The summer started out with a bang, in regards to comedy, and has slowly come to a whimper with disappointments like The Hangover: Part II and Bad Teacher. Thankfully, we’ve finally gotten an R-rated comedy to be proud of with director Seth Gordon’s Horrible Bosses. While not nearly as dark as other comedies, the laughs are abundant and the story is fun as hell. If you’re looking for a laugh, or have suffered at the hands of a horrible boss, then here’s the movie you’ve been searching for.
Horrible Bosses follows best friends Nick (Jason Bateman), Kurt (Jason Sudeikis) and Dale (Charlie Day). Each of them has a boss that makes their life a living hell, and while they can’t quit, they can’t make it through another day. So with the help of a mysterious “murder consultant” (Jamie Foxx), they decide to kill each other’s bosses and make their lives better. Unfortunately, things don’t go according to plan and the group is put at risk of being sent to jail.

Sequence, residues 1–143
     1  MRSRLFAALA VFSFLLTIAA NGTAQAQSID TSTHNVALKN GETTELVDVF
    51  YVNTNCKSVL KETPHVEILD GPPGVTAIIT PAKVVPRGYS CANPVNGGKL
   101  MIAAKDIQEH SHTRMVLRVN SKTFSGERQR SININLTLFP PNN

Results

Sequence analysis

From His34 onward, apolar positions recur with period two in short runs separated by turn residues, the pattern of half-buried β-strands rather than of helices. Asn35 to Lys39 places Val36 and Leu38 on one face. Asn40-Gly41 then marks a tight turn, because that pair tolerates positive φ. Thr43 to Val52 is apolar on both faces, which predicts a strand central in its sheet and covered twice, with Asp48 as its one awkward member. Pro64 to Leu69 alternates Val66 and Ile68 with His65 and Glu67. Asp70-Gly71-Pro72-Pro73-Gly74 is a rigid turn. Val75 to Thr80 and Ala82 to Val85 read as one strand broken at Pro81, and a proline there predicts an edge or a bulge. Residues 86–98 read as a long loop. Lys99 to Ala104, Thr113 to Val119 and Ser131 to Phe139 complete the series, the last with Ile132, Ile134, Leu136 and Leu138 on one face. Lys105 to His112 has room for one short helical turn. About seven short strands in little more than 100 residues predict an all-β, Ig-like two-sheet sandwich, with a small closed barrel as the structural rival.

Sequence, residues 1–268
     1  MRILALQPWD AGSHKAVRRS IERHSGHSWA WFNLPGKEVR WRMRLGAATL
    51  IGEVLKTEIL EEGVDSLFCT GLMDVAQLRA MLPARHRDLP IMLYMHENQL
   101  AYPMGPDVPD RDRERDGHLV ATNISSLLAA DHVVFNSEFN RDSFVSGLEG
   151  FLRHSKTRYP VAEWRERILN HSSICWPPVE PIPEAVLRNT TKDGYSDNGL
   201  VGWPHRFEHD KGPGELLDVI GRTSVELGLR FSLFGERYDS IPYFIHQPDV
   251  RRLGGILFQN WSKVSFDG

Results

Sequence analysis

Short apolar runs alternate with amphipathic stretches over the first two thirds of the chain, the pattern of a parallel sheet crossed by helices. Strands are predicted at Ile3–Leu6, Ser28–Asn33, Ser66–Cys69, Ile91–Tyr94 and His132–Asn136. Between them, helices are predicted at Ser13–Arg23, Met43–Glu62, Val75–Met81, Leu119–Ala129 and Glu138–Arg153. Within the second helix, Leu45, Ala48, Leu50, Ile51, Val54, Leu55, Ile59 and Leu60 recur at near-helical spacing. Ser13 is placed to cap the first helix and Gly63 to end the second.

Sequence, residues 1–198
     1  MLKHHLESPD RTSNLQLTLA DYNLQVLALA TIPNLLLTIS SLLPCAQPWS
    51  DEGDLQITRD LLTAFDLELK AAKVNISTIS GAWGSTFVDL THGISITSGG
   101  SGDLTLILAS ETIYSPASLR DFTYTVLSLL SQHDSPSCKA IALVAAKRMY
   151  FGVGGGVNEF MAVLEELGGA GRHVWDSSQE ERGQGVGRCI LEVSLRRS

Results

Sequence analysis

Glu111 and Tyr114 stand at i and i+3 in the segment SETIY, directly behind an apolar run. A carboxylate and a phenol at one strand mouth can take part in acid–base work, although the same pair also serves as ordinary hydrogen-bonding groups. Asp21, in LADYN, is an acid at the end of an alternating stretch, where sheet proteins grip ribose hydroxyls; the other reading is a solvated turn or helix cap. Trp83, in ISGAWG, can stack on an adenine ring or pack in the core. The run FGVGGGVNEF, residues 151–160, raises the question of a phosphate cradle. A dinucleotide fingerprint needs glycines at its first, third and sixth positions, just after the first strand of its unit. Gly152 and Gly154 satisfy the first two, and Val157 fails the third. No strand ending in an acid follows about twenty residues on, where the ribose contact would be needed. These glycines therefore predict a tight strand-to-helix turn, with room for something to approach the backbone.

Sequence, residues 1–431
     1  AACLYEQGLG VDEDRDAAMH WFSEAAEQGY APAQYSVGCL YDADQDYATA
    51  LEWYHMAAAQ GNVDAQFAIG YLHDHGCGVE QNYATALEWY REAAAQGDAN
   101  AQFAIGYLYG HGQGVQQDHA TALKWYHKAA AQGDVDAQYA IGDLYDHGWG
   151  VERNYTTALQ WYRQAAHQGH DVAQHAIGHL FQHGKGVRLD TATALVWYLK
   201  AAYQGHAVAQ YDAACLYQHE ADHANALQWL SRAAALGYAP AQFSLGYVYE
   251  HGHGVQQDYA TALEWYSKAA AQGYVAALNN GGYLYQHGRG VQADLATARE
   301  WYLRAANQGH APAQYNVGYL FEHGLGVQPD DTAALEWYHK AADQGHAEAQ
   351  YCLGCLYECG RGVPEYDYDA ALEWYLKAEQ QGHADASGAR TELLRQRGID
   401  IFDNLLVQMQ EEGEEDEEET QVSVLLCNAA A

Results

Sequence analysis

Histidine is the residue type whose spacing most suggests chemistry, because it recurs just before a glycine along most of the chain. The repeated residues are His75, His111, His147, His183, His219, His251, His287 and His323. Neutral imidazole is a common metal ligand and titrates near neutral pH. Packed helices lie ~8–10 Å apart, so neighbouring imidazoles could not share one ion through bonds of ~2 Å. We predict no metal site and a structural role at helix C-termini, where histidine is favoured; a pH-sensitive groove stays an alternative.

It’s sad that the dark comedy doesn’t have a bigger presence in cinema. I’m a huge fan of dark comedies from the more overt like Very Bad Things, to the subtle like American Psycho. Horrible Bosses falls comfortably in-between, not too dark but with enough humor to make any dark events relatable. Everyone probably has their own story about an awful boss, although hopefully not to the extent of the three leads, but at times the movie is a cathartic piece about the recession itself. The three men hate their jobs but can’t quit for various reasons. Nick himself is a successful businessman but can’t quit because he would be forced to start at the bottom. This message is hilarious shown in the small character of Kenny (P.J. Byrne), a one-time big-shot at Lehman Brothers who’s now doing horrible favors for pocket money. Horrible Bosses does a fantastic and hilarious job of showing that one doesn’t have it so bad, and that everyone is stuck in a crappy position because of the economy…all of this from a film that includes a man washing his backside with a toothbrush!